00350-JST 5 2013 WL 4552789, at *9 (N.D. Cal. Aug. 27, 2013) (denying preliminary approval
without prejudice where the parties provided "no information as to the class members' potential
range of recovery."); Galloway v. Kansas City Landsmen, LLC, No. 4:11 -1020-CV-W-DGK,
2013 WL 3336636, at *4 (W.D. Mo. July 2, 2013) (Courts should" 'insist that the parties present
evidence' that would at least enable it to make a 'ballpark valuation' before deciding whether to
approve a settlement.") (quoting Synfuel Technologies, Inc. v. DHL Express, 463 F.3d 646, 653
(7th Cir. 2006); In re Microsoft Corp. Antitrust Litig., 185 F. Supp. 2d 519, 526 (D. Md. 2002)
(denying preliminary certification where record did not disclose enough information to allow for
meaningful assessment of potential damages.)
Here, the parties have provided virtually no information regarding class members'
potential range of recovery and their proposed settlement must be denied on that basis.
Plaintiff's brief provides only conclusory statements regarding the value of each claim. Counsel
asserts, for instance that the entire $290,000 fund is "fair and reasonable" because (i) without
settlement "the Parties expect extensive additional motion practice" over decertification and
unidentified dispositive issues, (ii) trial will necessitate "extensive testimony," and (iv) the
potential for appeal. (ECF No. 32 at 14-15). The same, of course, holds true of virtually every
class action. Counsel also asserts that "[a] trial on the merits could involve significant risks to
Claimants because of the fact-intensive nature of measuring damages under the FLSA and
NYLL, and in light of the substantial defenses available to Defendants as to the measure of
damages," (id. at 16), but provides no information regarding those risks or defenses. Yet both
parties appear to have ample information with which to predict a relatively narrow range of
Indeed, the parties represent in the recitals prefacing their Settlement Agreement that they
"have engaged in and completed discovery during the course of' this litigation. (ECF No. 33-1,
¶ 1) (emphasis added). In an affidavit accompanying the instant motion, Plaintiffs counsel
attests that "[i]n preparation for the mediation session, our office spent significant time and
resources reviewing the relevant discovery, evaluating the case, and summarizing the damages of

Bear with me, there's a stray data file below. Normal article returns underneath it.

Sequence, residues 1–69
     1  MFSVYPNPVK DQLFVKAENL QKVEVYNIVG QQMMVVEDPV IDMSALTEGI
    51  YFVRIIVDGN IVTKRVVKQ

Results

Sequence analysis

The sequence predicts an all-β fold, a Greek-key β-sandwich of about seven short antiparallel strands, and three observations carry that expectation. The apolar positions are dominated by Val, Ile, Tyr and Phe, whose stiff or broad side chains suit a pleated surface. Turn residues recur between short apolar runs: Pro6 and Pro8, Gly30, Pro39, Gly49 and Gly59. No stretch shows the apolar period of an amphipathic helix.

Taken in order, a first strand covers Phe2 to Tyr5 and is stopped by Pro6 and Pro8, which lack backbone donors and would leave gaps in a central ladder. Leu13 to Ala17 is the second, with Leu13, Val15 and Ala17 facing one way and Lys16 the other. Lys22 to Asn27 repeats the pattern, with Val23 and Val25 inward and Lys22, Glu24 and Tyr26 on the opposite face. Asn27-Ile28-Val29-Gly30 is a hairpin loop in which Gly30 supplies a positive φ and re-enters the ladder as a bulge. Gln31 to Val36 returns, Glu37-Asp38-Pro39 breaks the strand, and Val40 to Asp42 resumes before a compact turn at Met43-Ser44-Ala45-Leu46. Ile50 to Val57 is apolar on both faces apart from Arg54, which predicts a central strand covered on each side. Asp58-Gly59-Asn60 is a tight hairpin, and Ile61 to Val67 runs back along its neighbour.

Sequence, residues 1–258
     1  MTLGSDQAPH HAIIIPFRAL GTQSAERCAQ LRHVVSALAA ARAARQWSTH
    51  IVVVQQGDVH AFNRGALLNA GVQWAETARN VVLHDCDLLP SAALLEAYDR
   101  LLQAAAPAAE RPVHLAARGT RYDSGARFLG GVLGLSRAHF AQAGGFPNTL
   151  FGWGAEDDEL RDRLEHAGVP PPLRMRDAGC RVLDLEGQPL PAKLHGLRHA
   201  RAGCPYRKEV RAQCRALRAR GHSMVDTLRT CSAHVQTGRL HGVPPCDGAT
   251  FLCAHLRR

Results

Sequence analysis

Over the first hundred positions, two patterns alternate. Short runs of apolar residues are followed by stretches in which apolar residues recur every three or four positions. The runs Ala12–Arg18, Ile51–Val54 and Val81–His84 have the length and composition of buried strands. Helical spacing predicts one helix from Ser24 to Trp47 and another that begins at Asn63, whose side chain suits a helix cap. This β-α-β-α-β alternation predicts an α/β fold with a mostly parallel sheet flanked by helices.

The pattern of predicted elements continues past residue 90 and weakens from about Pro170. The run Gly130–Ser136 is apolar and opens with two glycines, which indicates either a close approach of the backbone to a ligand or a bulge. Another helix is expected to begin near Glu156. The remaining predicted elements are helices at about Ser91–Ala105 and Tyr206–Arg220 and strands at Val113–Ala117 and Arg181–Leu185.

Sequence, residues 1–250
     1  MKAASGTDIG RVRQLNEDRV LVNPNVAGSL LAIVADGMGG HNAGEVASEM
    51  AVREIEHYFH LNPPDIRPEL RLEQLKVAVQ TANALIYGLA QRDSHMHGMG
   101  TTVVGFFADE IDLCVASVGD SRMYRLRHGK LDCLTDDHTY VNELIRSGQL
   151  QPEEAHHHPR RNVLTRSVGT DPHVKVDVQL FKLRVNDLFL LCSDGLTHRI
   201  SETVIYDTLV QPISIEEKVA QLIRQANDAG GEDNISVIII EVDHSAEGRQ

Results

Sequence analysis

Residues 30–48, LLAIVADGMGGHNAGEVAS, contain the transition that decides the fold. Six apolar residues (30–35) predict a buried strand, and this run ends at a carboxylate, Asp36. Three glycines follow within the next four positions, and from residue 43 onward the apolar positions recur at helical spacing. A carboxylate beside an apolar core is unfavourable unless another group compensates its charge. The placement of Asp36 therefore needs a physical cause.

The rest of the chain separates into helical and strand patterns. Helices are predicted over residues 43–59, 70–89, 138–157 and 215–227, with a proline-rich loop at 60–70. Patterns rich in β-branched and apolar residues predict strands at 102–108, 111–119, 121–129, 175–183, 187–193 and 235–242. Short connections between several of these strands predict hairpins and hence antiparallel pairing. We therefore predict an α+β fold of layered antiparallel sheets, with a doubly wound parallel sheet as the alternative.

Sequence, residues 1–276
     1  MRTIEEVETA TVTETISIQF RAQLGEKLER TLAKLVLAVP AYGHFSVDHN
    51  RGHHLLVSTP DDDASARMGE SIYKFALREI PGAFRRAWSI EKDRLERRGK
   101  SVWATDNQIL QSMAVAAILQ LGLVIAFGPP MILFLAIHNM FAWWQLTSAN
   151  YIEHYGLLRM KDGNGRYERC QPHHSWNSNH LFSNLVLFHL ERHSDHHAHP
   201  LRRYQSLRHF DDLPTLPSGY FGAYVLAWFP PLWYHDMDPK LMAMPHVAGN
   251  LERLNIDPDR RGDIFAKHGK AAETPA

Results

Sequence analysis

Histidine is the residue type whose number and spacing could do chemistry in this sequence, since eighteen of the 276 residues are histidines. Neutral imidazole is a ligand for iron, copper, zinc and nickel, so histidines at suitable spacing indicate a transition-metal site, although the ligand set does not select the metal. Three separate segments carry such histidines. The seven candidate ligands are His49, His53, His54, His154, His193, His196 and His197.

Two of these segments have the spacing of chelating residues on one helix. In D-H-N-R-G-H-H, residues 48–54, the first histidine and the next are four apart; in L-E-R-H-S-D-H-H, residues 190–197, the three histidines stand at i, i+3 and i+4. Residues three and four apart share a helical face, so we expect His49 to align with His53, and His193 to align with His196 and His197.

the seventy-five putative class members." (ECF 33 at ¶ 8) (emphasis added). He also claims to
have provided the mediator with his analysis of:
(1) the potential liability if the case were to proceed;
(2) the relative strengths and weaknesses of the parties' respective positions; [and]
(3) possible exposure and litigation outcomes.
(ECF No 33, ¶ 8). Defendants likely have records of each class members' work schedule and
hours worked, considering that they are required by law to maintain them. See, e.g., 29 C.F.R.
Part 516. In short, discerning a range of damages is comparatively straightforward in this case, 2
Counsel's contention that continued litigation will lead to a "battle of experts" concerning damages "whose
outcome is impossible for the court to predict" is a red herring. (ECF No. 32 at 16). This quote is lifted from two
securities cases from the Southern District, In re RJR Nabisco Sec. Litig., 1992 WL 210138 (S. D.N. Y. Aug. 24,
1992) and In re Warner Commun. Sec. Lilig., 618 F. Supp. 735 (S.D.N.Y. Aug. 20 1985), which presented
exponentially more complex and theoretical damages issues. Here, in contrast, damages are essentially a function of
the base rate of pay and the amount of overtime allegedly worked.
and the parties have apparently already provided a detailed analysis on "the damages of the
seventy-five putative class members" to the mediator. 3
For these reasons the present Motion is DENIED without prejudice. Any future
motions for preliminary approval must evaluate a range of reasonable recoveries, drawing from
Both parties' analyses provided to the mediator.
The aforementioned summary of "the damages of the seventy-five putative class
Any and all information either party has regarding how many of the seventy-five